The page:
NASA explains how Europe can be so cold amidst the hottest November and hottest year on record

How did we get record-breaking November warmth in the middle of a strong La Ni±a that would normally cool global temperatures (as it did in the fall of 1998, see lower right figure, blue line)?  Is the answer the Arctic sea ice death spiral 2010?  And is the loss of Arctic sea ice also responsible for the frigid European temperatures?

NASA’s James Hansen, Reto Ruedy, Makiko Sato and Ken Lo answer these questions in “2010 “” Global Temperature and Europe’s Frigid Air,” which I repost below with the original figures:

Figure 1 - Global maps of temperature anomaly. See caption

Figure 1: (a) January-November surface air temperature anomaly in GISS analysis, (b) November 2010 anomaly using only data from meteorological stations and Antarctic research stations, with the radius of influence of a station limited to 250 km to better reveal maximum anomalies.

Figure 1(a) [click to enlarge] shows January-November 2010 surface temperature anomalies (relative to 1951-80) in the preliminary Goddard Institute for Space Studies analysis. This is the warmest January-November in the GISS analysis, which covers 131 years. However, it is only a few hundredths of a degree warmer than 2005, so it is possible that the final GISS results for the full year will find 2010 and 2005 to have the same temperature within the margin of error.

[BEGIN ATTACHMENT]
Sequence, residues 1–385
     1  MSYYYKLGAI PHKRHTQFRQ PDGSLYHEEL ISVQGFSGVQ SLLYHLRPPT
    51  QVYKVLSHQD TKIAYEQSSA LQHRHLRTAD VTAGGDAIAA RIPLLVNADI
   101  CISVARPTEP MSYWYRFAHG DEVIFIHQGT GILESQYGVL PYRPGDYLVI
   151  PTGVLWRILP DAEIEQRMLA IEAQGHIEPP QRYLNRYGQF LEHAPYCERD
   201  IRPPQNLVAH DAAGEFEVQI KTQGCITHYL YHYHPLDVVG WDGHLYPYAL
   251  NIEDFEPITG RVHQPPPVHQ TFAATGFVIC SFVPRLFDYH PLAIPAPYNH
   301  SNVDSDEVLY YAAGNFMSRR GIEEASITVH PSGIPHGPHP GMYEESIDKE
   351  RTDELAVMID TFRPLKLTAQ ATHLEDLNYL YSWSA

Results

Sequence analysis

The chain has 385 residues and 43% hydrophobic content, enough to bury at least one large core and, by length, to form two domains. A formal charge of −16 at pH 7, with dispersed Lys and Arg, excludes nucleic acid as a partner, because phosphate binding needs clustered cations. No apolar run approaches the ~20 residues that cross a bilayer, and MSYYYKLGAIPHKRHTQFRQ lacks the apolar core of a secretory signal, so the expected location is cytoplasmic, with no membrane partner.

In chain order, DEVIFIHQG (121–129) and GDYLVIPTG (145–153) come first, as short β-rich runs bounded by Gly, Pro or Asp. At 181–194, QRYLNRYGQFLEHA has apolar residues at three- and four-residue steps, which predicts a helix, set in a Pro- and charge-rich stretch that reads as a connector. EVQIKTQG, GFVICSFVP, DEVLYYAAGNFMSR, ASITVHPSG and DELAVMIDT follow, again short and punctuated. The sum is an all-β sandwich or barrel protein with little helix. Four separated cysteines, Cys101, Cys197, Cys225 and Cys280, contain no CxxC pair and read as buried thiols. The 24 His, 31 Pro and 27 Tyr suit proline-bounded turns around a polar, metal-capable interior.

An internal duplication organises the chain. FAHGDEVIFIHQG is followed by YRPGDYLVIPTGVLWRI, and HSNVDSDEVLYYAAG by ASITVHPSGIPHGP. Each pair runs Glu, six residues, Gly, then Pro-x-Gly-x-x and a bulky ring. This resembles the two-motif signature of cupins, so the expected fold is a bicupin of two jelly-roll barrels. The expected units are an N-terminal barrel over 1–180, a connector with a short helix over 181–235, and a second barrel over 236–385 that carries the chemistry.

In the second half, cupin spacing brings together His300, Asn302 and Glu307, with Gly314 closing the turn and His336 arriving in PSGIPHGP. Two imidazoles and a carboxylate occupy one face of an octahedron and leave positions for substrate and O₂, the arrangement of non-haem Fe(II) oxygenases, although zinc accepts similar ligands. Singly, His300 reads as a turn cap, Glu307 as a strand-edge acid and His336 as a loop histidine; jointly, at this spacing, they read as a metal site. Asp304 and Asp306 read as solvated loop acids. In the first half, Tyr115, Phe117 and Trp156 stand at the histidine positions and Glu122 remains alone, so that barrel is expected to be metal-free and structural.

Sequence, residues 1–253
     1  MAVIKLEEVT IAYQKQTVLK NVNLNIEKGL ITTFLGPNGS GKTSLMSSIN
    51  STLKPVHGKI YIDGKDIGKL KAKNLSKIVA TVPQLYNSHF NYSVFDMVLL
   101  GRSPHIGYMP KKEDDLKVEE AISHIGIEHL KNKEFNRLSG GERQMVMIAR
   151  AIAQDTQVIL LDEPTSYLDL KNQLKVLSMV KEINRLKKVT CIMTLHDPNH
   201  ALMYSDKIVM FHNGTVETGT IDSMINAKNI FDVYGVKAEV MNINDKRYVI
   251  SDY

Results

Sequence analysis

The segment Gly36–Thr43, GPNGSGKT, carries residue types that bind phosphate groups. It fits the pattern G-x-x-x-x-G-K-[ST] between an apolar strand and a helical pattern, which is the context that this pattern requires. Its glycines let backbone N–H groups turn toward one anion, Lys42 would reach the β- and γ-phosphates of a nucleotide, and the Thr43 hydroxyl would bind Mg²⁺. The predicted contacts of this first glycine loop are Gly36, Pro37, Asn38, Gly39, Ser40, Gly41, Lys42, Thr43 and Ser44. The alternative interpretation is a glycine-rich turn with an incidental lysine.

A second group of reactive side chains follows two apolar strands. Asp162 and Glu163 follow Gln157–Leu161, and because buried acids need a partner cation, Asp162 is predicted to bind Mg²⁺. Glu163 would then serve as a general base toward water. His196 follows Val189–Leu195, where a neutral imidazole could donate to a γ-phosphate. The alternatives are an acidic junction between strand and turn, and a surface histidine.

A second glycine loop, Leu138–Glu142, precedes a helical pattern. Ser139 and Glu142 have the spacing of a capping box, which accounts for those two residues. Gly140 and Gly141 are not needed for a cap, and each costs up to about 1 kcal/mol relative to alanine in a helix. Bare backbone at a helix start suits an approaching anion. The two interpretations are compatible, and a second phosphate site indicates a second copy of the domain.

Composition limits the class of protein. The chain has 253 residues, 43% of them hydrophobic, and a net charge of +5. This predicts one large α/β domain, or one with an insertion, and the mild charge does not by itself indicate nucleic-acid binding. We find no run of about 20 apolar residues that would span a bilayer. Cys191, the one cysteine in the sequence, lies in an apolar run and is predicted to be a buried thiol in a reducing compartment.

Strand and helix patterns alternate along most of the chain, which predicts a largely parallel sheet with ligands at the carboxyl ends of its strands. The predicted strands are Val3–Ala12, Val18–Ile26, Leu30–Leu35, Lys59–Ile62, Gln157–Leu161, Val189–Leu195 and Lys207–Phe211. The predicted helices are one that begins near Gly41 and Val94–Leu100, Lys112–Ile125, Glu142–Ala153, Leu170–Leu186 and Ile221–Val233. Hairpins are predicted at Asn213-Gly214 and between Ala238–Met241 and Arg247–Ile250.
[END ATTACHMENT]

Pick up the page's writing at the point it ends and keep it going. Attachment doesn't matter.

As described in an in-press paper at Reviews of Geophysics (see summary PDF) that defines the GISS analysis method, we estimate a two-standard-deviation uncertainty (95 percent confidence interval) of 0.05°C for comparison of global temperatures in nearby recent years. The magnitude of this uncertainty and the small temperature differences among different years is one reason that alternative analyses yield different rankings for the warmest years. However, results for overall global temperature change of the past century are in good agreement among the alternative analyses (by NASA/GISS, NOAA National Climate Data Center, and the joint analysis of the UK Met Office Hadley Centre and the University of East Anglia Climatic Research Unit).

Figure 1(b) shows November 2010 surface temperature anomalies based only on surface air measurements at meteorological stations and Antarctic research stations. In producing this map the radius of influence of a given station is limited to 250 km to allow extreme temperature anomalies to be apparent. Northern Europe had negative anomalies of more than 4°C, while the Hudson Bay region of Canada had monthly mean anomalies greater than +10°C.